Wow! This COVID-19 virus is wreaking havoc with plans all over the world. People have died. Workers are displaced. Some companies may not survive an extended shutdown. Serious stuff is going on.
On an individual level, long-planned trips are being cancelled; weddings were re-scheduled; and celebrations of all sorts are on hold.
Perhaps one of the most affected groups will be the Class of 2020. Whether high school or college, graduation ceremonies are just the tip of the iceberg. Senior proms, trips, and saying goodbye to close friends may cut deeper than any ceremony.
Earlier this week, I saw a young couple getting out of their car near Washington's Tidal Basin. Dressed in their prom finery, they probably planned to get pictures in front of the iconic blossoming cherry trees. It made me a little sad knowing this replaced what should have been a once-in-a-lifetime night.
Way back in 1977, my senior year got upended by a fuel crisis. Many Ohio schools shut down for several weeks due to a natural gas shortage and extreme cold spell. Now, barely a blip on the historical radar screen, many events were cancelled and our senior year was disrupted. We eventually returned to school, but sports seasons were abbreviated, extra-circular activities were changed/eliminated, and teachers tried to cram too much content into too few class sessions. In the end, we graduated on time, but many of us felt like we were cheated out of important parts of our senior year.
World War II
As much of an upset as the events of 1977 turned out to be, my mother (shown above) faced entirely much worse circumstances as she launched into adulthood. World War II broke out around the world. As the men went off to war in the 1940s, she eventually took a job in the steel mills of Gary, Indiana. Working in the electrical shop, she found her passion and a lifelong career in electronics once the war ended. Although she didn't stay long as a Rosie the Riveter type, that part of her experience helped to shape the rest of her life - getting her into a field that was dominated by men back then. Finally, her patriotism led her to become a nurse in the Navy's WAVE Corps. After an accelerated 6-week training course, she was stationed at Great Lakes Naval Station.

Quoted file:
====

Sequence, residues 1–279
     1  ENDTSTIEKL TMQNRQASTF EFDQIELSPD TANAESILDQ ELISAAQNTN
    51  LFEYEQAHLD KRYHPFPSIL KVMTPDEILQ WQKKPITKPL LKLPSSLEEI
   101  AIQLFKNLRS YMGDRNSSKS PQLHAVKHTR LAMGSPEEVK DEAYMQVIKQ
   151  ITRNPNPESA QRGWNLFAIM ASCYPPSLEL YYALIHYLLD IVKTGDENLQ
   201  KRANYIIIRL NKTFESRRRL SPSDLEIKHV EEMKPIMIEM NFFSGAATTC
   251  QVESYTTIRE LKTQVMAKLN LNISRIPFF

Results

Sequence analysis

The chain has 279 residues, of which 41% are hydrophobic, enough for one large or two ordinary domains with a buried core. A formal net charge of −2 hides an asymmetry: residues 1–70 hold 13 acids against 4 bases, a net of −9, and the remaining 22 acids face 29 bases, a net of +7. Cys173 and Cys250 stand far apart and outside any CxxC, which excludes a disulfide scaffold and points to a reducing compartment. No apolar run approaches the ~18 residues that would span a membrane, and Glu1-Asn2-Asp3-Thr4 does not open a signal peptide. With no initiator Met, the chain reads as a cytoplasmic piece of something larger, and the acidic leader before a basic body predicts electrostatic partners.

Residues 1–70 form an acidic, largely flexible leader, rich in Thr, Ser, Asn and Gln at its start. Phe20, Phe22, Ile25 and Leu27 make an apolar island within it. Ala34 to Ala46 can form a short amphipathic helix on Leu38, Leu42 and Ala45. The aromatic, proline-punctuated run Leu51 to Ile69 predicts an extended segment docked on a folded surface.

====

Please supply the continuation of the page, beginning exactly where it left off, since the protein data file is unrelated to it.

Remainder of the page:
During her time in the Service, she met my Dad and got married. So, this twist and turn in her life led her to a husband she would have around until his death in 1990. Although chaotic, difficult at times, and challenging, the war altered the course of her life for the better.
Although I wouldn't have selected the energy shortage of 1977 to mess up my senior year, I'm glad it happened the way it did. I learned several important lessons about the world and taking advantage of changes in direction. When we came back to school, I had to pick between playing tennis on my high school team or being in the high school musical. I'd invested much time in singing and choir through my school years. I enjoyed music very much, but tennis was my first love. I'd started playing before puberty and couldn't imagine not playing my senior year on the school team. So, tennis became my choice. If I'd have been as committed to drama/singing, who knows if I would have tried to do more with it in college and beyond. Instead, I ended up in business.
My Mom wouldn't have chosen to be born in the great depression or to have her life interrupted by a major world war. But it happened. She found her life's work and a husband through the ordeals of her youth.
Keep Your Eyes Open
To the class of 2020, I'd just say: don't be too bummed by the trouble that you are living through in your senior year. No one would have chosen a major pandemic, but you will survive and some good may come of it. Learn the positive lessons and hold tight to the people you love. Keep your eyes open. You may just see a future that you might have missed without this momentary upheaval. Life keeps moving and today is no different.
"Trust in the Lord with all thine heart; and lean not unto thine own understanding. In all thy ways acknowledge him, and he shall direct thy paths," (Proverbs 3:5-6).
Check out my latest book, Exercise Your Faith. In it, I examine 31 lies that cause men to stumble. If you know someone who is struggling in life, now is a good time to send them this book as a gift. It's written in an easy-to-read, conversational style that will engage even those who don't read a lot.
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